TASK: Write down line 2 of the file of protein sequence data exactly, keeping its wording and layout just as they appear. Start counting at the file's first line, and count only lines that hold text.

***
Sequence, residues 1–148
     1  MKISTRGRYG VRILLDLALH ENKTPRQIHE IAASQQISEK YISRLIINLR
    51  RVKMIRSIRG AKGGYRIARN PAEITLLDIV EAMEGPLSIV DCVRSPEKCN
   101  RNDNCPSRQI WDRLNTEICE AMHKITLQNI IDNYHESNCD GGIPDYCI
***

     1  MKISTRGRYG VRILLDLALH ENKTPRQIHE IAASQQISEK YISRLIINLR